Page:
Cross Pollination Is the Key
Premise 1: You want a breakthrough idea.
Premise 2: Ideas are not created in a vacuum.
Conclusion: You should probably stop living in a vacuum.
Leaving Your Idea Vacuum
Breakthrough ideas at their very core require putting together knowledge in different ways, and that is nearly impossible if you are living in a vacuum. No, not an actual vacuum, an idea vacuum.
An idea vacuum is when you surround yourself with people who basically look like you, think like you, shop in the same stores, drink at the same coffee shops, vote like you, watch the same late night comedians, and do the same things you do. By spending your time in this type of comfy idea vacuum, you’re robbing yourself of the essential ingredients that will lead to that breakthrough idea.
So, you need to get out of your idea vacuum. Make a daily practice of exposing yourself to different people, places, ideologies, music, languages, sights, routines, ways of doing things, etc. Take up a new hobby, travel to a new country, read from a different genre. The ways to do this are limitless.
What I mean by cross-pollinate is that it’s important to intentionally try to make new connections and new insights as you broaden your horizons. Yes, the wider the range in experiences or activities, the greater the chance you will be connecting dots no one has connected before; however, it is important to say that breakthrough ideas require intention and action. Don’t set yourself up for success by broadening your circle of friends, travel, hobbies, and media, only to sit passively by and expect an “Aha!” moment to just fall in your lap.
Set an intentional question for your brain to think and cross-pollinate on. Then either systematically pull from many of your experiences and focus on ways they could combine to create something new, or let your diffuse thinking have the opportunity to work on it behind the scenes (or do both!). Either way, the key is to consciously set up a question you’re trying to answer or a problem you are trying to solve. It might go a little like this: “Brain, I want to connect different dots for a breakthrough idea in how to provide better customer service at my job.”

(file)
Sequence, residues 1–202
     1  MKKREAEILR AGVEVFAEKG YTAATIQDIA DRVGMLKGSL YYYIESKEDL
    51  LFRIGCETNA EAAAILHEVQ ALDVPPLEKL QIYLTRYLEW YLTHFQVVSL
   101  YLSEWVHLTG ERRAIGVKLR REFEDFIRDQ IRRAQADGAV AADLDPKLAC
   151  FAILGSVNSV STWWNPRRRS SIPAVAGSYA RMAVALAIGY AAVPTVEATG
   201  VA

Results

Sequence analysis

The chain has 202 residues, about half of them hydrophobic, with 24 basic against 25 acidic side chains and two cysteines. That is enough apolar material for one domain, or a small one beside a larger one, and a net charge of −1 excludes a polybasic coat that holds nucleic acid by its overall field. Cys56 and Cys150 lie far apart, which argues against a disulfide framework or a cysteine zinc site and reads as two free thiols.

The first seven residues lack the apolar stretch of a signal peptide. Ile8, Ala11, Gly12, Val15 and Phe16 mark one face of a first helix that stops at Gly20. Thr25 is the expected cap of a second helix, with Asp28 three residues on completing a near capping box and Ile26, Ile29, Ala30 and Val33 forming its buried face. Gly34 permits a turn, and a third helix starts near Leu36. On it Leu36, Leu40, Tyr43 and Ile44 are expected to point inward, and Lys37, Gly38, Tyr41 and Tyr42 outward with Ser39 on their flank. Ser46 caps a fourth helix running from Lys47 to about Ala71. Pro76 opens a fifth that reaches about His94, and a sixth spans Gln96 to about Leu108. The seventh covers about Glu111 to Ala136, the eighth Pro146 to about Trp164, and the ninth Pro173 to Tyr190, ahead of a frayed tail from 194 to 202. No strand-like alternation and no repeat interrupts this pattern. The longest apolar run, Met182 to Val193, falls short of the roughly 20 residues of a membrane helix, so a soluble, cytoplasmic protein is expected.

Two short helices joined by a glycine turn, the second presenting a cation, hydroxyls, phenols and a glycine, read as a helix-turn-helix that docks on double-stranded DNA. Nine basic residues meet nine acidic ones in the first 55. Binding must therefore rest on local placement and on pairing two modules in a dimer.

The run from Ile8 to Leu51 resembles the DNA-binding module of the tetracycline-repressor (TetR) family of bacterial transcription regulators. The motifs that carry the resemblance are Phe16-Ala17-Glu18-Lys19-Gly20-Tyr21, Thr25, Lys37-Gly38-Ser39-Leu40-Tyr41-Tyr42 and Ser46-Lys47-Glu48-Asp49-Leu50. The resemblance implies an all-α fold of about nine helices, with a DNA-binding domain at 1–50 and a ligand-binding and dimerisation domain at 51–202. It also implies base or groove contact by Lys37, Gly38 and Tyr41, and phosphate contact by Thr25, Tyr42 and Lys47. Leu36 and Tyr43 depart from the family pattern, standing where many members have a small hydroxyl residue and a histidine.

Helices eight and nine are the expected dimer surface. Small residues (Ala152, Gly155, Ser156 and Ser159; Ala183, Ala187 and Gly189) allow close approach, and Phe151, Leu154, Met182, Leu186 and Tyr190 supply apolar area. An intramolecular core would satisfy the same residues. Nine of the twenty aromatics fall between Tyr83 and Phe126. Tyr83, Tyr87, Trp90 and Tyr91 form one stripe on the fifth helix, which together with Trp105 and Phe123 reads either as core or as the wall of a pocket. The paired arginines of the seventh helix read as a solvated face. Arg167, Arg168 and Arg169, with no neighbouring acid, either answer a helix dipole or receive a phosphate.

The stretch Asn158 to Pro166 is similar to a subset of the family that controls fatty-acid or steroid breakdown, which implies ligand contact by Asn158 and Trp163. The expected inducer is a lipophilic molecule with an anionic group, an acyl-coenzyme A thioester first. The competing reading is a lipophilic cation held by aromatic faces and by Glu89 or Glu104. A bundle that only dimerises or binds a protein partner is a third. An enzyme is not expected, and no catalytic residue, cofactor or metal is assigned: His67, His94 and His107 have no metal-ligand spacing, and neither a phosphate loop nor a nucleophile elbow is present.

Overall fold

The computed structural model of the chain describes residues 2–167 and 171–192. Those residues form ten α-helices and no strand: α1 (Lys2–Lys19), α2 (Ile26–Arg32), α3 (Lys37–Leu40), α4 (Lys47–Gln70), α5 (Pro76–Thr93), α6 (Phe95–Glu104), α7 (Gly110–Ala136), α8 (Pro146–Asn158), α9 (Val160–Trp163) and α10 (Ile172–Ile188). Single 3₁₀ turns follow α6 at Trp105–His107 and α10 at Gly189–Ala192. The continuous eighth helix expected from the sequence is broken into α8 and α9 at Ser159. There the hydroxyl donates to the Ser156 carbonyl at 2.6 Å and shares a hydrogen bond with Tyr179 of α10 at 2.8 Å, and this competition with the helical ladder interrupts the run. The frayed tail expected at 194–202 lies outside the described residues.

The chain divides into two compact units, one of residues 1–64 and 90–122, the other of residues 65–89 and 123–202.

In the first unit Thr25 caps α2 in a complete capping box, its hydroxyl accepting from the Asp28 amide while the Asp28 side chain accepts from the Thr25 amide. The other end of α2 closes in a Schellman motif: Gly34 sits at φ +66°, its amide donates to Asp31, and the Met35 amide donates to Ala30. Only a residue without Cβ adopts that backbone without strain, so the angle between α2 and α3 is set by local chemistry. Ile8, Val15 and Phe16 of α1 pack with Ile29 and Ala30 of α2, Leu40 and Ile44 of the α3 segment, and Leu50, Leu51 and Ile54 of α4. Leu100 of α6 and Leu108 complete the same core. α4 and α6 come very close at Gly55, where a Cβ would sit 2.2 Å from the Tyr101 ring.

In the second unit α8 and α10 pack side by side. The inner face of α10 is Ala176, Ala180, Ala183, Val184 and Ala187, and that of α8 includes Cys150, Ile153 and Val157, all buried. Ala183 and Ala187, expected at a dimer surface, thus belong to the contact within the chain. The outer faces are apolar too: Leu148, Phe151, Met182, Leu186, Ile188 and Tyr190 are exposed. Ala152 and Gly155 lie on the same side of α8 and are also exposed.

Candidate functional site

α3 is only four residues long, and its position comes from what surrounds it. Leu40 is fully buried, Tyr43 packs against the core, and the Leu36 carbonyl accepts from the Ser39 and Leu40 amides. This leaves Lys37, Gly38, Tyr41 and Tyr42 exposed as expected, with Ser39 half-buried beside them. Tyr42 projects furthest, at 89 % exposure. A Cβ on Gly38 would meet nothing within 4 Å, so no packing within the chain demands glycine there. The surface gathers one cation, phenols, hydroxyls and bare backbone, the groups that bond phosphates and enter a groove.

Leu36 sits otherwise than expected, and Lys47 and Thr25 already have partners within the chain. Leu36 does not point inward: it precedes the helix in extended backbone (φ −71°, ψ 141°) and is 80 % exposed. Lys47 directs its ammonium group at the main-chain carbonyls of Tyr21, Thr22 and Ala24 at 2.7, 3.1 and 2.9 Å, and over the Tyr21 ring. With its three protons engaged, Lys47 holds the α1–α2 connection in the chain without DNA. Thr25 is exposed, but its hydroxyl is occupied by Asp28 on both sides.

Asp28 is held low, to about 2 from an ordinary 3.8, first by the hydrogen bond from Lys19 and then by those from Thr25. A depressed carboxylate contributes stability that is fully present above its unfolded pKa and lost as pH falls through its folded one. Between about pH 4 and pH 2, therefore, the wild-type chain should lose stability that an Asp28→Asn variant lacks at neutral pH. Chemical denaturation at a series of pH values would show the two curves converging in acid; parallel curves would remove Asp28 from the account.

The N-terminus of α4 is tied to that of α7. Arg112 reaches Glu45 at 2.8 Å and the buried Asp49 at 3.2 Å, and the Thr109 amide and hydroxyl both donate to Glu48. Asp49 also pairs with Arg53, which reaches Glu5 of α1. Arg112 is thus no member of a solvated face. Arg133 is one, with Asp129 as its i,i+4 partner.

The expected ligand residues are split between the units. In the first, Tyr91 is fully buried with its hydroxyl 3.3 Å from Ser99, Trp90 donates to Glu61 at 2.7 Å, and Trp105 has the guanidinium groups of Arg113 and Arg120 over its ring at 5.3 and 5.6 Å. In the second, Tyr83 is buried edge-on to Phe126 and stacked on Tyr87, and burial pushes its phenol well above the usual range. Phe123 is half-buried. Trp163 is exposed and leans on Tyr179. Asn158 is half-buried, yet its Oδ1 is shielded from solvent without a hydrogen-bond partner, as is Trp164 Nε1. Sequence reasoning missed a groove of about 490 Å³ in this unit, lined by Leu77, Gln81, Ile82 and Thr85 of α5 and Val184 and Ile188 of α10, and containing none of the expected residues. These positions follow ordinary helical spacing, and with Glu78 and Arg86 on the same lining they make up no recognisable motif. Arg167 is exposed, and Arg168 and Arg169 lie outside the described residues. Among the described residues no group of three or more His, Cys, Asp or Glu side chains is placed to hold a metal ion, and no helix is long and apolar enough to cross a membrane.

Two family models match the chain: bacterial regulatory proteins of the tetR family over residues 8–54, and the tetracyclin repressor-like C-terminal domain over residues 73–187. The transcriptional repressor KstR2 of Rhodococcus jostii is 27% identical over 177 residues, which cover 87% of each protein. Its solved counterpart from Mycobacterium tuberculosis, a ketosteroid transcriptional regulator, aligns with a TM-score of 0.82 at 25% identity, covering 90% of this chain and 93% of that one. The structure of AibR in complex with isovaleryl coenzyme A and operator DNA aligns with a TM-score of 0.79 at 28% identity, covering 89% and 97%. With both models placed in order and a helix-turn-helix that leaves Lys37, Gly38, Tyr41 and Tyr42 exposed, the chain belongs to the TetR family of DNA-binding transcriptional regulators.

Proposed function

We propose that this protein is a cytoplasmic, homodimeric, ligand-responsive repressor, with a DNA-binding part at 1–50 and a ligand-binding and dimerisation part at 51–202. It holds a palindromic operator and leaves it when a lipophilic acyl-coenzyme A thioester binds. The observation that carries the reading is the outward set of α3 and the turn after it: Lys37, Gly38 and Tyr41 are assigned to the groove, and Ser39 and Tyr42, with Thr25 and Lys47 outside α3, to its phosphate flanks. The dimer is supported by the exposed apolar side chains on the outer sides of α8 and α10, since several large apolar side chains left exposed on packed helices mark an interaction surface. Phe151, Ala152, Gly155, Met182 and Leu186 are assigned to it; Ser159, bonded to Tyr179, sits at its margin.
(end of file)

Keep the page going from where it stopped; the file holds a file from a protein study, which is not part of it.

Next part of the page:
Why This Works
According to neuroscientist Eve Marder, the only way you can have breakthrough ideas (by connecting things that have never been connected before in a way that has never been done before) is if your neurons are really good at creating new connections with one another. And—drumroll, please—the only way to get your brain into the habit of creating those new neural connections is by learning new things!
Creative ideas get a jumpstart by newness because it breaks through our old habits of thinking. In addition, repetitive experiences actually make it harder for your brain to form new connections. Without learning, imagining, doing new things, or some other form of cognitive novelty, our neurons simply fall out of that habit, making our brains physically less capable of thinking up crazy new possibilities.
Try this quick exercise in cross-pollinating that you can do right at your computer. Make three parallel lists of ten words. The first list? Nouns. The second list? Verbs. The third list? Adjectives. Then look for intriguing new connections between them. Give yourself some time to really noodle over the three lists and play around with different combinations. This exercise is intended to strengthen your ability to create novel connections, no matter how silly, unrealistic, or weird. This type of practice, and the other suggestions in today’s lesson, is exactly what your breakthrough brain is wanting!
Tomorrow, we’ll switch gears and look at some lifestyle choices that create huge breakthrough idea dividends.
For further information on cross-pollinating, you may check out Maria Popova of Brainpickings.org. She illustrates this point by brilliantly combining ideas and themes from across literary genres and time periods in a fluid and masterful way.
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